Classics 322: The Romans


Grant Nelsestuen
Literature, Comm B, Elementary
3 credits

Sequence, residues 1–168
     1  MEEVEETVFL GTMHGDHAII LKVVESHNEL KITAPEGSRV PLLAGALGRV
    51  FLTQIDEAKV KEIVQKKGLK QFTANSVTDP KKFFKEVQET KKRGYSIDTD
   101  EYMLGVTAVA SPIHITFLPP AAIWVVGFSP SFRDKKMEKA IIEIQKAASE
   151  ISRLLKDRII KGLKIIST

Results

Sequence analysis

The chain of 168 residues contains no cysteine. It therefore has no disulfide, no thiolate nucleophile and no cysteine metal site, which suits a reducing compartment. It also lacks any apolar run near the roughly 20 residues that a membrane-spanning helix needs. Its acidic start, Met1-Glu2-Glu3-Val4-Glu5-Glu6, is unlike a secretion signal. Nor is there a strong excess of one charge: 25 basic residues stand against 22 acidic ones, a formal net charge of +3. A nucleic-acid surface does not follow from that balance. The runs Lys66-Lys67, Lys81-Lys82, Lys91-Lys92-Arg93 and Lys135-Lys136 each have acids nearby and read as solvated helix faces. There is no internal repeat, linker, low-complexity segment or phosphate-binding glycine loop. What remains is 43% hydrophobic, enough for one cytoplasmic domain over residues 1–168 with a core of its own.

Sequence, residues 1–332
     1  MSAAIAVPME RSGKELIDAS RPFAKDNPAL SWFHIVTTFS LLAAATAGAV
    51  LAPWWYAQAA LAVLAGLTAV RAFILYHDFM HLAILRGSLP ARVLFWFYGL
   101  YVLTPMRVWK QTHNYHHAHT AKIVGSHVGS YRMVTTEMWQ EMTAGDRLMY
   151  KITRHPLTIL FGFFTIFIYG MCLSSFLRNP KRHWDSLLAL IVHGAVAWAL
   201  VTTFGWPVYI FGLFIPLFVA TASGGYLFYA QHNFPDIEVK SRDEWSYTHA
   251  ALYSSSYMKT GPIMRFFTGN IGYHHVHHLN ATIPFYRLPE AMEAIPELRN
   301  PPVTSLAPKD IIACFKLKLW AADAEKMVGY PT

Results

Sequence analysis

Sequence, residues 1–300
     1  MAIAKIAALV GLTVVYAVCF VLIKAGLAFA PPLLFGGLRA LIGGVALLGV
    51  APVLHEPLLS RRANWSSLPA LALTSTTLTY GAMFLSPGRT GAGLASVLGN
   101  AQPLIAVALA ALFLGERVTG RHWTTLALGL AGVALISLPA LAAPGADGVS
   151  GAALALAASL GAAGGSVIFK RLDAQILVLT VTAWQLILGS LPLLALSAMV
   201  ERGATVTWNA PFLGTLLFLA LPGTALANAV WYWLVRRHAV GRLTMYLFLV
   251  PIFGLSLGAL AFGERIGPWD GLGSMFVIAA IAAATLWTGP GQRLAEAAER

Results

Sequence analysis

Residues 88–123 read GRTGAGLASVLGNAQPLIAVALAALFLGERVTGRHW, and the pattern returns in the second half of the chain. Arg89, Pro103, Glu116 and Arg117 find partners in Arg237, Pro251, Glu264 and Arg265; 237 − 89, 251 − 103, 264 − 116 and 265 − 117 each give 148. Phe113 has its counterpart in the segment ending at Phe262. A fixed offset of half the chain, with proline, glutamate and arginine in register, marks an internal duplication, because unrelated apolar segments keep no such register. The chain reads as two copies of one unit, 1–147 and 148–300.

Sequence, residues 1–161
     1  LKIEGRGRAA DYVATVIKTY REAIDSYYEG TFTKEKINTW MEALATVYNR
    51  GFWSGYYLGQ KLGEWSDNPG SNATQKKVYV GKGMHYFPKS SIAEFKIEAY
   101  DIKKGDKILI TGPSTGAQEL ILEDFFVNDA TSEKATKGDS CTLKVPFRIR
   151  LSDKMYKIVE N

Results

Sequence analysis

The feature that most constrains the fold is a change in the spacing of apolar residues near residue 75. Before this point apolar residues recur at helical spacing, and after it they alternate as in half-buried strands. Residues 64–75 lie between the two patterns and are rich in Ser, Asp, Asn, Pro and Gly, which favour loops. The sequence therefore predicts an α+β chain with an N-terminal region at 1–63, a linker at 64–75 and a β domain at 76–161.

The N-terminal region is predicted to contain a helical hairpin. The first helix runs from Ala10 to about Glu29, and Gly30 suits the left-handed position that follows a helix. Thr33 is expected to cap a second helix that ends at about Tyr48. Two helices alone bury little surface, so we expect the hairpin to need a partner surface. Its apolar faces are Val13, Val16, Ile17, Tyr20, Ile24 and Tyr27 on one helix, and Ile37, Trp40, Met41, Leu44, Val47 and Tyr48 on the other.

The ancient Romans are a people of paradox: capable of producing works of profound beauty and deep pathos, they are also responsible for the slaughter of millions in the course of imposing their empire on the Mediterranean world; morality in the public and private spheres is a constant concern for them, yet their reputation for luxury and decadence is not entirely undeserved; and their avowed commitment to such values as freedom, republicanism, and religious piety stands alongside their practice of slavery, the emergence of autocracy, and their (sometimes) intolerant approach to matters involving the divine.  In the course of exploring these tensions, this class provides both a chronological survey of Roman civilization and a more detailed look into particular topics in Roman culture.  We will read a series of Roman texts, most of which are regarded as major works of literature and will be illuminating for the study of the cultural topics selected.  Discussion will give you the chance to present your own ideas and learn from others.  In fulfillment of the requirements for Communication B, you will complete and revise several short papers and present one of them orally in section.